Dutch Coalition Government Folds on Afghan Mission

66% of the Dutch population thinks that Labour is correct to hold position on withdrawal from Afghanistan.

The Dutch government collapsed in the early hours of Saturday morning over Labour's insistence that the Netherlands pull out of Afghanistan this year.

After two days of intensive talks and a bitter parliamentary debate,it had become increasingly clear the gulf between prime minister Jan Peter Balkenende and deputy prime minister Wouter Bos was too great tobridge.

Labour leader Bos stated earlier this week that he wanted a decisionon Nato's request to the Netherlands to stay in Afghanistan at Friday's cabinet meeting. And that decision would have to be a no, he said repeatedly.

Balkenende said he wanted to keep all options open and was sticking to the March 1 deadline.

'I have to conclude that there is no fruitful path to allow this cabinet to continue,' Balkenende said in a short statement.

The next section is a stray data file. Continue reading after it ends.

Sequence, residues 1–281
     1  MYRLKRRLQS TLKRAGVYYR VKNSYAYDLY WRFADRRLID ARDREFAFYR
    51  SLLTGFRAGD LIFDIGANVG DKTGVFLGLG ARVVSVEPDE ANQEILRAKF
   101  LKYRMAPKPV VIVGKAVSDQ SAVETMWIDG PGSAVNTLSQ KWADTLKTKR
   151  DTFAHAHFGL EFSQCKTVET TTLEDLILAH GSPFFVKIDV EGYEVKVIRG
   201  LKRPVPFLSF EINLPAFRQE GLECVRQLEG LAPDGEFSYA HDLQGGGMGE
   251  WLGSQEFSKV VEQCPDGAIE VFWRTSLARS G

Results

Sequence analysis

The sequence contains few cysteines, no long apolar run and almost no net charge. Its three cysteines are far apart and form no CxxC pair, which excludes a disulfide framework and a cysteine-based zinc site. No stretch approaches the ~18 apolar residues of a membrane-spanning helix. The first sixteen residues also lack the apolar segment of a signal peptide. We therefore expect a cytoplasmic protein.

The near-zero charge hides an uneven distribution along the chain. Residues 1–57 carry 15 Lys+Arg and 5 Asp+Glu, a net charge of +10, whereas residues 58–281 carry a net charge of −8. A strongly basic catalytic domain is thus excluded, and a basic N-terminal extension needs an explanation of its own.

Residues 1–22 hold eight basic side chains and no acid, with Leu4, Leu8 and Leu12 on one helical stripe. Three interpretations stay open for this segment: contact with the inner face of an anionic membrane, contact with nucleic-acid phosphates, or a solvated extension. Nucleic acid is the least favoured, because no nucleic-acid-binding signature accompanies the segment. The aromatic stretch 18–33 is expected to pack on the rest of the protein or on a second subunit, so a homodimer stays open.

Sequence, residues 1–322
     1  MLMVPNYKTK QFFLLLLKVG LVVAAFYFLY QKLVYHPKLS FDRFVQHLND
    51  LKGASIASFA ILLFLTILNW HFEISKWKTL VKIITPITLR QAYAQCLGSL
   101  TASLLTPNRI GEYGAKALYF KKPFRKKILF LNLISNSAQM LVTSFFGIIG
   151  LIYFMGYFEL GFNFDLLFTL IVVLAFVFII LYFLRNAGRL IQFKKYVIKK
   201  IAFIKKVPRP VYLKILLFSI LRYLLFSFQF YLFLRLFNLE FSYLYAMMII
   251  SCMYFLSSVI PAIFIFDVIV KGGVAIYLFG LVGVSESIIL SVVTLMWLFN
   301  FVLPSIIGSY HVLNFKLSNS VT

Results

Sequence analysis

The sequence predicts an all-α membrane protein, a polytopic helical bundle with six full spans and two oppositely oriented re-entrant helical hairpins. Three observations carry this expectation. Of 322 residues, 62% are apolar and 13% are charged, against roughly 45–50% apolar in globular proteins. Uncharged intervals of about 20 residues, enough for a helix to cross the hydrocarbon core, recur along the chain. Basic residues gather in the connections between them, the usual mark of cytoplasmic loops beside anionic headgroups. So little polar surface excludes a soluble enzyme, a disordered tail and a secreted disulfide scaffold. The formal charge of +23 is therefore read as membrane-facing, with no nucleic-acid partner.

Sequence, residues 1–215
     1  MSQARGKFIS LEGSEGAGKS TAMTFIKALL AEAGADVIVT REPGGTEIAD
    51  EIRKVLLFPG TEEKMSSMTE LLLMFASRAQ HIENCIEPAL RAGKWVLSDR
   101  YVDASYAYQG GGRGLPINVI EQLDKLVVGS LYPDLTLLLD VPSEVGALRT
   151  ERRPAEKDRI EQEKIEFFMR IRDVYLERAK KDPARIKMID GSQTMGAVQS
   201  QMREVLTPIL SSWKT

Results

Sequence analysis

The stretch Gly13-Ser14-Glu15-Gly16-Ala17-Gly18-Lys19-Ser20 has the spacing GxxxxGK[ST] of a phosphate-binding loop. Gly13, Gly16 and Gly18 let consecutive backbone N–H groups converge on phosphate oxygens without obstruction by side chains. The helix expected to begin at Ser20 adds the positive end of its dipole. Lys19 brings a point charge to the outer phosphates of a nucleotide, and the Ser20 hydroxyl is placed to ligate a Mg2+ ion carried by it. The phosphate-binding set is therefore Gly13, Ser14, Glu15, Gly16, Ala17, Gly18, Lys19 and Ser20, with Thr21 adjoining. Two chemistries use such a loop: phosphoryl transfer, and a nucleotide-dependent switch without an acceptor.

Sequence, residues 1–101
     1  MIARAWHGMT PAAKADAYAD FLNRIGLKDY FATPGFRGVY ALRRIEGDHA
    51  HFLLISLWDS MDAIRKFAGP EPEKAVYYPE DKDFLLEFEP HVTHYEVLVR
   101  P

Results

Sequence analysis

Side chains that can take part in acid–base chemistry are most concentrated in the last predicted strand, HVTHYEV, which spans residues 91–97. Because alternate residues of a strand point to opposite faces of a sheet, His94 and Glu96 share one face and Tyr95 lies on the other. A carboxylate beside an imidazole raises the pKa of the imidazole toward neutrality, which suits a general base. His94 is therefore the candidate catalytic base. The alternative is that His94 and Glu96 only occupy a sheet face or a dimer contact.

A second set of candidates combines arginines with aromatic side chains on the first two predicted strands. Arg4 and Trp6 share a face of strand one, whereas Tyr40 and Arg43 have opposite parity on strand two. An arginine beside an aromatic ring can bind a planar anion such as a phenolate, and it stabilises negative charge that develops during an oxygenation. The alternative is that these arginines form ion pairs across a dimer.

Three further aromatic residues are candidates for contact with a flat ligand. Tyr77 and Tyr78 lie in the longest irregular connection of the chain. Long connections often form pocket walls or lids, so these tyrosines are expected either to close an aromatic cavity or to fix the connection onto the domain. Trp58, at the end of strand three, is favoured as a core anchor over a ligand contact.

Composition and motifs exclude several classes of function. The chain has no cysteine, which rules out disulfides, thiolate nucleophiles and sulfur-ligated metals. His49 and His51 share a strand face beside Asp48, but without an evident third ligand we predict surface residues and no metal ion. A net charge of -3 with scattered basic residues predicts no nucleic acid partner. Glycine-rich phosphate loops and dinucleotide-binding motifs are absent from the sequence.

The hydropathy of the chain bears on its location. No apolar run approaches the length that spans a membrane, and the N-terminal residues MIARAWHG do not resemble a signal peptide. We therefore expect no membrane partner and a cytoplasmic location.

The Labour party's comments had placed a 'political mortgage' on the cabinet, he said.

Efforts to restore trust between the parties had failed, he said.'Given the challenges facing the Netherlands, what is needed is strength, not the easy way out.'

The prime minister will now offer his government's resignation to the queen, who is skiing in Lech, Austria.

More

Friday, 19 February 2010

A Coup in Niger

As is often claimed by participants, the latest military coup in Africa is meant to "make Niger an example of democracy and good governance".  Really, what else are they for?  Military coups offer the straightest path toward good governance.
A coup has taken place in Niger and the president has been captured after a gun battle in the capital, Niamey.

Ina televised announcement, a spokesman for the plotters said Niger'sconstitution had been suspended and all state institutions dissolved.

The junta imposed a curfew and closed the country's borders.